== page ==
So, the authors of the series turned to Hollywood, Health & Society, a program of the Annenberg Norman Lear Center of the University of Southern California, which brings together the entertainment industry and experts in health, science and safe. (There is also a similar program in National Science Academies called Science and Entertainment Exchange.) "We understand that this is a fiction and we have to take some liberties," said Kate Folb, Hollywood director, Health & Society. But it's important that public health information is as accurate as possible, she says. "We do not want to misinform the public because we know that it will act accordingly."
According to Folb, some theories explain why. One is that immersion in a plot helps the intellectual defenses of viewers. "Looking for your hero, you walk through the forest with him. You are there with them, "says Folb. "So, if and when the information is presented, it sinks to a much deeper level." and scientific information to be as accurate as possible. "Because you have time," she says.
Peter Hotez, vaccine expert and dean of the National School of Tropical Medicine at Baylor College of Medicine, said he had already consulted Hollywood, Health & Society, but did not participate in this episode. And, aside from a few minor concerns – such as the low probability that Joanna will contract measles even though she had only received one dose of vaccine – he applauded how the episode treated measles and hesitation to vaccination. "It was really helpful to have measles as it is: a serious illness," he says. "They did not try to think of it as a mild illness or just a rash, and that's an important point."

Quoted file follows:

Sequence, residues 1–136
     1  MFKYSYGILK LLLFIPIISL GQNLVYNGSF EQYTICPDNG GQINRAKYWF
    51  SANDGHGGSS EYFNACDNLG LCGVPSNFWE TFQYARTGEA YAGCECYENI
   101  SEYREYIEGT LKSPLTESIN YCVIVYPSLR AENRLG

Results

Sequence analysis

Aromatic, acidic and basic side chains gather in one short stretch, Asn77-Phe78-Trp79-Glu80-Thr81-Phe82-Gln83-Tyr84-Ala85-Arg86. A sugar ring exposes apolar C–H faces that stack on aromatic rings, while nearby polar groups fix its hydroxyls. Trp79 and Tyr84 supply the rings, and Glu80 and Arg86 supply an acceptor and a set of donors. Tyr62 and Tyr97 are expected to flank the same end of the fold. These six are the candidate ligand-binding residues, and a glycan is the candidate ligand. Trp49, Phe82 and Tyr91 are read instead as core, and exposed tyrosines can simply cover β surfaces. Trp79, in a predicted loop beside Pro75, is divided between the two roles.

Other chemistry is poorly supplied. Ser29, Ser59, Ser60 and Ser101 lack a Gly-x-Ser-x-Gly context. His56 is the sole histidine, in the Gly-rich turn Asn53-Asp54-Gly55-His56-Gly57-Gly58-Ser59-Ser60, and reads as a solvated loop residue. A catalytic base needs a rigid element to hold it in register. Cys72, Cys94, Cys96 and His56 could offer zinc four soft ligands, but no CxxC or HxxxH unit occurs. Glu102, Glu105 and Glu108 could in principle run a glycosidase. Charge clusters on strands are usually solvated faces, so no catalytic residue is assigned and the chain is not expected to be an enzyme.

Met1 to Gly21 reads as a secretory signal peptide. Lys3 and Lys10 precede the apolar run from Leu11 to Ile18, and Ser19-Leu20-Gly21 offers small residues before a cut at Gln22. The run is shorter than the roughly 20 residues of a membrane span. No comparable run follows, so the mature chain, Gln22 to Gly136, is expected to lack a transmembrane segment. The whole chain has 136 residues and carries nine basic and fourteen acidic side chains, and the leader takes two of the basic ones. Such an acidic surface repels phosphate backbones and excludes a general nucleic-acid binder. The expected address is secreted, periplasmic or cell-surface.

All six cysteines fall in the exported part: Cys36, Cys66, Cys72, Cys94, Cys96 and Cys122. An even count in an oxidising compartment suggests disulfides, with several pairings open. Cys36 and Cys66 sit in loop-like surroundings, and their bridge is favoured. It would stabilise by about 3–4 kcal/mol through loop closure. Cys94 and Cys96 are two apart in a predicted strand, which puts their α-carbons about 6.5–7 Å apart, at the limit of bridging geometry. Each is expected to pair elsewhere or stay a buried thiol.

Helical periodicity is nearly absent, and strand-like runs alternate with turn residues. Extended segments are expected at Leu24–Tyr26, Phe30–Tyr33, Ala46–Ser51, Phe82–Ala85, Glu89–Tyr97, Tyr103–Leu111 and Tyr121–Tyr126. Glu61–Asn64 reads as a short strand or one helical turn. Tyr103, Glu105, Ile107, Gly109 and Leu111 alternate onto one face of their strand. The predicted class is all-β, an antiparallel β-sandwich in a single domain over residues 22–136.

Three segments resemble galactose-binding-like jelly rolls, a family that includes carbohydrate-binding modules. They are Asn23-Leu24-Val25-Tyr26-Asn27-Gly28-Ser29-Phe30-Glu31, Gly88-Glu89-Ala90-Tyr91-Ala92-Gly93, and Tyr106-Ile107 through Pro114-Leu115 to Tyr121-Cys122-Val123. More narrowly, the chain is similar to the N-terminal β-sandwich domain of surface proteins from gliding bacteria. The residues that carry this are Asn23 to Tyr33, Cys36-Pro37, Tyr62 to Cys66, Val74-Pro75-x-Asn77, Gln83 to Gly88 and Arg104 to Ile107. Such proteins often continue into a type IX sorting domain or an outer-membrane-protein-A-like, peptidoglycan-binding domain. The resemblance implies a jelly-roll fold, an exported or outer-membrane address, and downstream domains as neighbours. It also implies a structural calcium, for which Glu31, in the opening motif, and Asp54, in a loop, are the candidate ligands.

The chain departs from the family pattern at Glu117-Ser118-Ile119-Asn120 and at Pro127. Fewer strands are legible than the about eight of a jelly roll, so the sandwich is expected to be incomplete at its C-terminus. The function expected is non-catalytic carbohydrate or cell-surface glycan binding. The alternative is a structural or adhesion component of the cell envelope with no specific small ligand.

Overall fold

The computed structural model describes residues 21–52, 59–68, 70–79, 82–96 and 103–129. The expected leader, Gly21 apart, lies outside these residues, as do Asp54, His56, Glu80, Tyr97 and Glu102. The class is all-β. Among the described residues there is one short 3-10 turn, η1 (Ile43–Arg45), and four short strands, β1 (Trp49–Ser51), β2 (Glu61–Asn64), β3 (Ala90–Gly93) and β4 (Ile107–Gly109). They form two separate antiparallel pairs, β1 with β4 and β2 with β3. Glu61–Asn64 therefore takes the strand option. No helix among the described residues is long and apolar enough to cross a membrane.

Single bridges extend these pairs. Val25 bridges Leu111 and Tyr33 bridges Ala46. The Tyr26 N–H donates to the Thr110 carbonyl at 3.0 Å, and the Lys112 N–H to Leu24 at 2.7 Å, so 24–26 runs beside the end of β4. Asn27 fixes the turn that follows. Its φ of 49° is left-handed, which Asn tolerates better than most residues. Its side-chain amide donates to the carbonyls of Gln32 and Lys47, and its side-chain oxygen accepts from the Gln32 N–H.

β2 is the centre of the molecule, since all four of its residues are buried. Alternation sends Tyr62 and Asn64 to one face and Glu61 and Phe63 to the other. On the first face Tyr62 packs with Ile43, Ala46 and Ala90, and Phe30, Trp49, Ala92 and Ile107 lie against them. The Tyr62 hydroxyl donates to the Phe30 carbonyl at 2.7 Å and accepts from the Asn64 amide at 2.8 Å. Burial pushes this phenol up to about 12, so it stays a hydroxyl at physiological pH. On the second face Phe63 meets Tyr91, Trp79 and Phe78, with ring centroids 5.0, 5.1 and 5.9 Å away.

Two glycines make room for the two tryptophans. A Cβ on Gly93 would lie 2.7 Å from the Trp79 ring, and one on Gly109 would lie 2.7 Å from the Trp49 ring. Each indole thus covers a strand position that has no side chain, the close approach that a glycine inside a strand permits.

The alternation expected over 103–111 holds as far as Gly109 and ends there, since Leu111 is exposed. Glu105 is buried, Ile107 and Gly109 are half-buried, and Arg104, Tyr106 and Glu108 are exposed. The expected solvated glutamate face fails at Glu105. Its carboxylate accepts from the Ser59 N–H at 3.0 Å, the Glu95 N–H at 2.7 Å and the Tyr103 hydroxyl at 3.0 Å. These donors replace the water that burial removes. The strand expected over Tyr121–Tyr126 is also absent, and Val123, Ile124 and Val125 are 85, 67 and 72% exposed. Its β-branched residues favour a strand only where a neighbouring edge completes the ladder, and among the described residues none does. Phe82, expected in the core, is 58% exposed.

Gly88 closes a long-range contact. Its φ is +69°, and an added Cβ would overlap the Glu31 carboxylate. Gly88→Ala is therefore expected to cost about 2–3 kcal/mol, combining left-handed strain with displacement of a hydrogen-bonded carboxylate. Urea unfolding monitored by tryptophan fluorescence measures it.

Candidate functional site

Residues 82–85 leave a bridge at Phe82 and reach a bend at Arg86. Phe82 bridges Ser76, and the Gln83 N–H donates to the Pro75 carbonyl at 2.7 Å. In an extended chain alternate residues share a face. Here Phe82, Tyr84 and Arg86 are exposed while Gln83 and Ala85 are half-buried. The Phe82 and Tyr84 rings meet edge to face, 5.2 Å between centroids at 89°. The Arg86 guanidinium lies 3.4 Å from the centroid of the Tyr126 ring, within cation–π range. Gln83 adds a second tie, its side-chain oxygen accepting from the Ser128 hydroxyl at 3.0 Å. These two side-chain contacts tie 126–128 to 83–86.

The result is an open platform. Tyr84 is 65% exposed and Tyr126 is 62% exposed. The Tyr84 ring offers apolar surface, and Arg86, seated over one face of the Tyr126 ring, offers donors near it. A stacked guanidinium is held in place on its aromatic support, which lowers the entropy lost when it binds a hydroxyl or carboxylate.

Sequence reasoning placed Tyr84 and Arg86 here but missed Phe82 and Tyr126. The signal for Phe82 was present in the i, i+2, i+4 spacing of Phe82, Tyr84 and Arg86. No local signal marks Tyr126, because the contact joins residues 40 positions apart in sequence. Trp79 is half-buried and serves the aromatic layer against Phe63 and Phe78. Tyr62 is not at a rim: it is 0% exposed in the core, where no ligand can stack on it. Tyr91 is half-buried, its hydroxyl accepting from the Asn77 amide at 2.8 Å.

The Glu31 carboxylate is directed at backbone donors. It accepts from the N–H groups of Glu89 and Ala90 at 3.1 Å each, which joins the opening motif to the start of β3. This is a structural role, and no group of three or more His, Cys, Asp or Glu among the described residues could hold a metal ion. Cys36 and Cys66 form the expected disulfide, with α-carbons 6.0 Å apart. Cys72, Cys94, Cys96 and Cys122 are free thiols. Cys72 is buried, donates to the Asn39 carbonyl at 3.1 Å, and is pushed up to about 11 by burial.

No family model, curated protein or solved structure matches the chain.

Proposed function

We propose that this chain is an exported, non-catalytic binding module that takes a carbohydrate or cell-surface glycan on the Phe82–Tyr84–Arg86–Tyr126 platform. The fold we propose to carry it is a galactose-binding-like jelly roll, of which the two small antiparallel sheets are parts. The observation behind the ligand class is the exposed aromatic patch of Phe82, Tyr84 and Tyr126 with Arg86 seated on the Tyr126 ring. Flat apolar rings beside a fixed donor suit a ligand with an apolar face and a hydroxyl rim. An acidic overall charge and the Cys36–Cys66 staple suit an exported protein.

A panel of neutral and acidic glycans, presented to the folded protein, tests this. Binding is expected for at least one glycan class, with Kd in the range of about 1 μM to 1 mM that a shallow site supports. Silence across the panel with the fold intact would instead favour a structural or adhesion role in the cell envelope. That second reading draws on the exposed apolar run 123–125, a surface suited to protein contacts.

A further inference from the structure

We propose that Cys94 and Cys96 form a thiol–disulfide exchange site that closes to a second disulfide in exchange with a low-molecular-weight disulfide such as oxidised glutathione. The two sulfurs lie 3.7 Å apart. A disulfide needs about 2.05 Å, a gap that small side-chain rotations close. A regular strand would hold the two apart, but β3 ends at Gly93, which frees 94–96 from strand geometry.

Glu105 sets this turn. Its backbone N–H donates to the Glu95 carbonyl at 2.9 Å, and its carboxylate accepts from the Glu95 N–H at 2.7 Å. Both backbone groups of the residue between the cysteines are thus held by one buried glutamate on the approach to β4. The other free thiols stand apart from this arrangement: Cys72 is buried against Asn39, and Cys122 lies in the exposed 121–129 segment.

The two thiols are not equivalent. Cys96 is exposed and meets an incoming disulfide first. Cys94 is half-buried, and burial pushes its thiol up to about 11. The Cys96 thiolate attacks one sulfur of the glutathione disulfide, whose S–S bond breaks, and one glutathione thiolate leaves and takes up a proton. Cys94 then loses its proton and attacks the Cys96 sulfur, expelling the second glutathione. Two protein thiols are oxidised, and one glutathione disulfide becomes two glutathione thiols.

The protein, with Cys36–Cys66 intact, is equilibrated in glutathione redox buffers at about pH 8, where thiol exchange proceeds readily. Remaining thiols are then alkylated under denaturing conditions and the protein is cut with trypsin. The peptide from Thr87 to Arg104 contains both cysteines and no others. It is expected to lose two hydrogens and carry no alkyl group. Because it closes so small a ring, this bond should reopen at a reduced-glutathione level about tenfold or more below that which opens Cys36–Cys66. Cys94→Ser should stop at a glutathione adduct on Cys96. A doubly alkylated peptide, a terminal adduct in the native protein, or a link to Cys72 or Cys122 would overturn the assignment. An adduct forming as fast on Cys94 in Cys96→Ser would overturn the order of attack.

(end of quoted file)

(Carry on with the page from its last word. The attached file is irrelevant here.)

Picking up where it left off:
The episode addressed many important issues regarding measles and vaccines, including misinformation, Hotez said. In the episode, the mother of the little girl with measles brain complications explains why she did not vaccinate her daughter. She thought that measles had been completely eradicated from the United States and she feared vaccines because of the items she had read. "There were all these articles about the possible dangers of vaccines, then a study claiming that there was no evidence, and then you read another article – and you did not know what to think," says the mother in the show.
The writers and characters they created treat this family with kindness: parents are not blamed for infecting another child, nor ridiculed for believing in anti-vaccine propaganda. They are treated as parents who want to do what is best for their child and who have been misled by the proliferation of alarming anti-vaccination propaganda. This is partly to stay true to the recurring characters of the series and partly for a conscious choice of Madam secretary The team was formed after talking with experts from Hollywood, Health & Society, says Grae. "You do not reach people by scolding them. You reach people by kindly explaining the truth without scolding or telling people that they are stupid. "
Reaching people is something that television is particularly good at, says Hotez, who has written a book on the role of researcher in the field of vaccines and the father of an autistic child. Vaccines do not cause Rachel's autism. "Let's face it, at the end of the day, many more people will watch this episode of Madam secretary what will my book read, "he says.
The episode ends with a public service announcement, where Téa Leoni, who plays the role of secretary of state, invites viewers to visit https://www.unicefusa.org/vax for more information. In the end, the goal of the team is to make a dramatic show, but in this case they also had the chance to educate people. "It's win-win, it's good for everyone. So we are happy to do it, "said Grae.